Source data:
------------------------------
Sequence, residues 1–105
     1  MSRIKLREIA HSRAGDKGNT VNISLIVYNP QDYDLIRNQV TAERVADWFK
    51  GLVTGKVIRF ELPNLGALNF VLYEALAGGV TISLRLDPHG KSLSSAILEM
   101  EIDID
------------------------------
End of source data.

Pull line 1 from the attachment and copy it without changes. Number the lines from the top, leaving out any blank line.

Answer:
Sequence, residues 1–105